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Data Analytics: Why Insurance Is in a League of Its Own

Baseball may seem like the same sport it was a hundred years ago, but the rise of data analytics has transformed the game. Learn why you should use the same tools to take your insurance game to the major leagues.
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It’s that time of year again. The leaves are changing and baseball season has reached its peak. For many casual fans, the game appears unchanged across history. The wind-up, the crack of the bat, the atmosphere of the ballpark and the hunt for a World Series appearance all remain the same.

This month, the World Series completed its 115th incarnation, and while baseball still seems like the same game it was a hundred years ago, it’s also a completely different game today.

Before the players ever set foot on the baseball diamond, something else has transformed the game behind the scenes: data analytics. Not only has data analytics revolutionized baseball, it’s done the same for practically every industry—including insurance.

From America’s Pastime to a Data Analytics Showcase

The first baseball game took place approximately 180 years ago. A few decades later, the first box score—a two-line chart that reports each team's run totals by inning, and total runs, total hits and total errors on a line—was developed to give fans a way to keep track of games and player statistics. Through the second half of the 19th century and the first half of the 20th century, baseball statistics had little to no influence on how the game was played, yet box scores stuck around.

Baseball and data analytics crossed paths in the 1960s and ‘70s when first hobbyists and then researchers began to ask specific questions about in-game activity. They started collecting and summarizing the data in what became known as Sabermetrics, the empirical analysis of baseball—a term coined by writer, historian and statistician Bill James.

James gave a voice to quantitative measurements of batting, pitching and higher mathematics statistics, such as value over replacement player (VORP) or wins above replacement (WAR), replacing simple ratios like earned run average (ERA) to give a more complete view of what’s really happening on the baseball field.

While the box score and other early statistics work put a metaphorical runner on first base, James’ pioneering work on data analytics in baseball loaded the bases for the grand slam to come: the emergence of predictive analytics.

In 2002, Sabermetrics hit the big stage as the Oakland Athletics under general manager Billy Beane went on a 20-game winning streak in a season where they implemented unpopular techniques to put players on base and score runs.

Oakland’s feat was not the sole deciding factor for teams to consider changing their approach to the game; multiple teams experimented with the ideas implemented by the A’s prior to the 2002 season. However, the team’s ability to earn runs that year was a clear success story for Sabermetrics. The season was immortalized in Michael Lewis’ 2003 book “Moneyball: The Art of Winning an Unfair Game” and the 2011 film “Moneyball,” starring Brad Pitt.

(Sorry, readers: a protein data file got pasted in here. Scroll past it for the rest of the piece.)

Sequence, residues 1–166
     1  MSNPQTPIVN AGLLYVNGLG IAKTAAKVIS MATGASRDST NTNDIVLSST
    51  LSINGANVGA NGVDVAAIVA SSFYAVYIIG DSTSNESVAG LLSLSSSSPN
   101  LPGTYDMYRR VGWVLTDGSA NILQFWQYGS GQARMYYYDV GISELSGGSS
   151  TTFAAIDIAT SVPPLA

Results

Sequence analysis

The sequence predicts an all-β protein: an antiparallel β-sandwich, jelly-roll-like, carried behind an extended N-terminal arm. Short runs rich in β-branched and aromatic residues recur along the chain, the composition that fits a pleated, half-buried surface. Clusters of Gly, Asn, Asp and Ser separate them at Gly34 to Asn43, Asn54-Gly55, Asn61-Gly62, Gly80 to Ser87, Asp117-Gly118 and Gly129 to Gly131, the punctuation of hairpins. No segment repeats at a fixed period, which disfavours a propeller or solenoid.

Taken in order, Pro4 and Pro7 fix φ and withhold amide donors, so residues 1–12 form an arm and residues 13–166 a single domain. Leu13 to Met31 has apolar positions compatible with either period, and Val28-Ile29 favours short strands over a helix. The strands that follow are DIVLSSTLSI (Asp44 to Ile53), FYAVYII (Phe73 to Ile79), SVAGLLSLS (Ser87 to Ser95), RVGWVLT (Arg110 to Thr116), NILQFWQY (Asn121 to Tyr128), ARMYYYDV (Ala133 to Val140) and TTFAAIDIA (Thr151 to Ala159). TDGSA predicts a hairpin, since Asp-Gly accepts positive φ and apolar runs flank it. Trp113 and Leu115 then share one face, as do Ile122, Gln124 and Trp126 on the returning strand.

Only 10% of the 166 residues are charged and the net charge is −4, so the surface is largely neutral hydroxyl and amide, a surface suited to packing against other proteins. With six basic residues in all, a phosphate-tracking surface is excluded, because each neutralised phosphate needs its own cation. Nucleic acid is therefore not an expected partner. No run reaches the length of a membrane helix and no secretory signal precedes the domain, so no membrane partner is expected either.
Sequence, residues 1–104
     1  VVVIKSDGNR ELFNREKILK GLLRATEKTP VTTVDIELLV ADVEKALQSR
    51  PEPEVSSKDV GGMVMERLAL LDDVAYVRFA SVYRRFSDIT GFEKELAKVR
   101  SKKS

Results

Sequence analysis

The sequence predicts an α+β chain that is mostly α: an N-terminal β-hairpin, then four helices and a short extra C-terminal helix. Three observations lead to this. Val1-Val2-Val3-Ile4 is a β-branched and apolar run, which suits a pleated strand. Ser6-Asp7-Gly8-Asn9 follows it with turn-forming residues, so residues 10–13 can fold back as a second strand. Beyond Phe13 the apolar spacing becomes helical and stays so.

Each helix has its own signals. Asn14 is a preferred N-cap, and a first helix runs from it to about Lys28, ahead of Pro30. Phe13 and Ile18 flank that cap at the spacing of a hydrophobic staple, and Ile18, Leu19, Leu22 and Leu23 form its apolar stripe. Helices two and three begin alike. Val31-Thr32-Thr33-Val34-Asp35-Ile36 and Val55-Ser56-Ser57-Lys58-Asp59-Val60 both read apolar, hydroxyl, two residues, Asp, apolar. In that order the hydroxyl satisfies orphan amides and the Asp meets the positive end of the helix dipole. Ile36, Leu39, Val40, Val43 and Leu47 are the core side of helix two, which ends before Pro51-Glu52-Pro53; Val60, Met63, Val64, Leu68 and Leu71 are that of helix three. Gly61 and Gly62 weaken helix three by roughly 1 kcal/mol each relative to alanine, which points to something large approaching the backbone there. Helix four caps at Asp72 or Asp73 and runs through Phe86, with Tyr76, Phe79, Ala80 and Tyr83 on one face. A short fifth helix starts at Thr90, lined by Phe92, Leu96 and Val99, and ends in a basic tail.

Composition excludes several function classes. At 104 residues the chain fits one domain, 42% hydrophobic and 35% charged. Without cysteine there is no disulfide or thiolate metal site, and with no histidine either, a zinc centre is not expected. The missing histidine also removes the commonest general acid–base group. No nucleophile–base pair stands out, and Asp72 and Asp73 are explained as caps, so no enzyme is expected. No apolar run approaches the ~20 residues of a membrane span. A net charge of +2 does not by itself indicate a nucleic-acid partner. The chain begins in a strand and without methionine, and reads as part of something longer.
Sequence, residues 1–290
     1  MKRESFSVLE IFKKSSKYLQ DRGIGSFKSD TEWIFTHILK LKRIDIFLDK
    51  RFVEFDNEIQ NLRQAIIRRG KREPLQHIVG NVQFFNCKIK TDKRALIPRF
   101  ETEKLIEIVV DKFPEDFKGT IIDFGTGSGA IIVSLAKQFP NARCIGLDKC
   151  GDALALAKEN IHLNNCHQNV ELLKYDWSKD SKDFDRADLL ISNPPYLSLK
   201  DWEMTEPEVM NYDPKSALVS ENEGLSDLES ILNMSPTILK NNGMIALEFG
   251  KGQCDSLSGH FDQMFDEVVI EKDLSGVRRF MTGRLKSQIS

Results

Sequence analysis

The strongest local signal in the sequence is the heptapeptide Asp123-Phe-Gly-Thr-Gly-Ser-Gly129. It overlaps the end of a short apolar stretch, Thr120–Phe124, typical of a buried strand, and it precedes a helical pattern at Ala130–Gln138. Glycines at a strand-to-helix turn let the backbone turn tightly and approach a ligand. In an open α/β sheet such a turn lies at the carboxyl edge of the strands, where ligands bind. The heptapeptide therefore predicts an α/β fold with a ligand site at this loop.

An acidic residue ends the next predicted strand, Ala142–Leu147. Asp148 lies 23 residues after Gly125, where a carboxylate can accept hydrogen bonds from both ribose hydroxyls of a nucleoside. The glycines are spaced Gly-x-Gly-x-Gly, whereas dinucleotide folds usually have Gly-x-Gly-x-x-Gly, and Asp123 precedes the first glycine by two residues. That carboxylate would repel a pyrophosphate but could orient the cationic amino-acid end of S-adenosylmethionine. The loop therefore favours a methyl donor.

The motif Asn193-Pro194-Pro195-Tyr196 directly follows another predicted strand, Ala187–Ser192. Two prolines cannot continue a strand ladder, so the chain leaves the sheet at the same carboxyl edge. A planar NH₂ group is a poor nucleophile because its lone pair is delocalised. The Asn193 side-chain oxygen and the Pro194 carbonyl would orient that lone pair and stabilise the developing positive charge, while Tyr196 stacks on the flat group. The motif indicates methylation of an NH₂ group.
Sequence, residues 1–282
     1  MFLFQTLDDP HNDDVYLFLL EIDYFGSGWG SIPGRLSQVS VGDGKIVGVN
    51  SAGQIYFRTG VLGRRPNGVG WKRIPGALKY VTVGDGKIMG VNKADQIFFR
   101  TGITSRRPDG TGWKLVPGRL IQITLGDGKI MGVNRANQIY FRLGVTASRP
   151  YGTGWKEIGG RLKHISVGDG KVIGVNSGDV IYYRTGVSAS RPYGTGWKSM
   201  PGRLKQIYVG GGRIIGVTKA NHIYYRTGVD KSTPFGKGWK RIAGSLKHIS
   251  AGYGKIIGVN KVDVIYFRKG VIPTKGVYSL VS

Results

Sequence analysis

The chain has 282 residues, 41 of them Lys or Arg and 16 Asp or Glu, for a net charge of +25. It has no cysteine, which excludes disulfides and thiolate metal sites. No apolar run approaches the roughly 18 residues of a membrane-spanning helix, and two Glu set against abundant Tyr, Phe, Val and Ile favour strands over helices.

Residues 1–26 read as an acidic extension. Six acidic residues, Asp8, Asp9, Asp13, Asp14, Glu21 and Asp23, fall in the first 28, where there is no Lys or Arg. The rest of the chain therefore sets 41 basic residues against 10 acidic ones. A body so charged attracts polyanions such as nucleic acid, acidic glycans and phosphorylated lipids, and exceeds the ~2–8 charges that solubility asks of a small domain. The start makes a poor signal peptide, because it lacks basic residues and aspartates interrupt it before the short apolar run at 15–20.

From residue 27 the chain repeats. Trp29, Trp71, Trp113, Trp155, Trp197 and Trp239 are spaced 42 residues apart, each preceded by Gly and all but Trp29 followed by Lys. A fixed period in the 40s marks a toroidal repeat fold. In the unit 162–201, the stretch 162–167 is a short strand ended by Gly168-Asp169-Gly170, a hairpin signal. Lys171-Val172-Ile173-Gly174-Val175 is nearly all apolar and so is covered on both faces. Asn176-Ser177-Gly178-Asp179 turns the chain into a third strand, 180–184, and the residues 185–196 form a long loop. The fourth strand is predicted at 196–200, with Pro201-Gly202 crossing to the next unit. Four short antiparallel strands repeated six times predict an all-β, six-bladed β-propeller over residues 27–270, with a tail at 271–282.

Playing the Long Game

Data analytics has experienced a meteoric rise across different industries in the past few decades. For insurance agents, the long timespans of baseball games and seasons make them feel right at home.

Baseball teams invest considerable capital, both fiscal and human, to ensure their team is prepared for upcoming seasons to attempt to win the World Series. Likewise, agents invest significant amounts of time and money to earn business from new customers and then develop and maintain trusting relationships with clients through seasons of renewals. When an agent earns new business or increases retention, the feeling can be akin to hitting one out of the park.

Optimizing operations and relationships is not always a home run. It’s hard work every day—you may hit a single by discovering a new lead or strike out after a client leaves you unexpectedly. However, there are tools you can implement today that’s a real game-changer in insurance: data analytics.

From the Minors to the Major Leagues with Data Analytics

Implementing a successful data analytics strategy within your business can put you in a league of your own compared to other independent agencies. Data-powered businesses are five times more likely to make faster decisions than their peers, according to a study by Bain & Company.

Data analytics tools level the playing field by maximizing the value of your agency’s data. By becoming a data-powered business, you can gain a competitive edge through enhanced decision-making, insight discovery and process optimization.

Data analytics can bring value to your business by:

  • Reinforcing decision-making processes with rich sources of external data analyzed with machine learning.
  • Cutting claims handling time and costs with predictive analytics.
  • Eliminating fraud through enhanced, artificial intelligence-driven identity verification techniques.

These tools allow you to obtain powerful graphical business insights from your existing management system data to drive greater employee productivity and increase profitable relationships with clients and insurers.

In baseball, teams use data to predict outcomes and make strategic decisions. In insurance, as our tools become more AI-enabled and future-predictive, we can make more informed business decisions and identify new market opportunities.

Are you still using yesterday’s reporting tools in today’s highly competitive insurance marketplace? Like baseball, the game of insurance has changed. By making data analytics a part of your playbook, you position your agency to hit a home run.

Brian Wood is vice president of Data Products Group for IVANS, a division of Applied.